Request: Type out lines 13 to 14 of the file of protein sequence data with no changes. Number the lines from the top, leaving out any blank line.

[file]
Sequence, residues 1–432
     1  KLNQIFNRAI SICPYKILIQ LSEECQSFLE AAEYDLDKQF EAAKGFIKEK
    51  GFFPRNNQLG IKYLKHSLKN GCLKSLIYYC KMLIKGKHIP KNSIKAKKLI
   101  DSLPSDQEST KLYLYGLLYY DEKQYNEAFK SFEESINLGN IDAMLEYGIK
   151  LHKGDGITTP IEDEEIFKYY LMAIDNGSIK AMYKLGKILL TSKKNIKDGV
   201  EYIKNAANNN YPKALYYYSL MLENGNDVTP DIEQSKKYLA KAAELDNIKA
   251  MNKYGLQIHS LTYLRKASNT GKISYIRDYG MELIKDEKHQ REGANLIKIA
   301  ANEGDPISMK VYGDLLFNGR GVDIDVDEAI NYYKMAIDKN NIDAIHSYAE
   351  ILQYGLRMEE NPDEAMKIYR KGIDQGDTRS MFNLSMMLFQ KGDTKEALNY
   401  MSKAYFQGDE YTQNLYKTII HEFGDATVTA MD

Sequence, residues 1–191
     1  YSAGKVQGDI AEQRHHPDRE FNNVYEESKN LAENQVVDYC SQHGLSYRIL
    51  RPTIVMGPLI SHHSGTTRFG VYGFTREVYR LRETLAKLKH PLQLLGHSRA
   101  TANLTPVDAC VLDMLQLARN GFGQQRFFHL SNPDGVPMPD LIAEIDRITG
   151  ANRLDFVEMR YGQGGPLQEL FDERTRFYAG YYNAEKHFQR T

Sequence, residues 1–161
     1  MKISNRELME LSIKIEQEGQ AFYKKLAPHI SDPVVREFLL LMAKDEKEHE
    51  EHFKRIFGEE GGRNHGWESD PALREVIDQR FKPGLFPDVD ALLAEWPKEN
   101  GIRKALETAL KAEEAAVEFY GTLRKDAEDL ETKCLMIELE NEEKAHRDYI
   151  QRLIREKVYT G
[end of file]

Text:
    51  RPTIVMGPLI SHHSGTTRFG VYGFTREVYR LRETLAKLKH PLQLLGHSRA
   101  TANLTPVDAC VLDMLQLARN GFGQQRFFHL SNPDGVPMPD LIAEIDRITG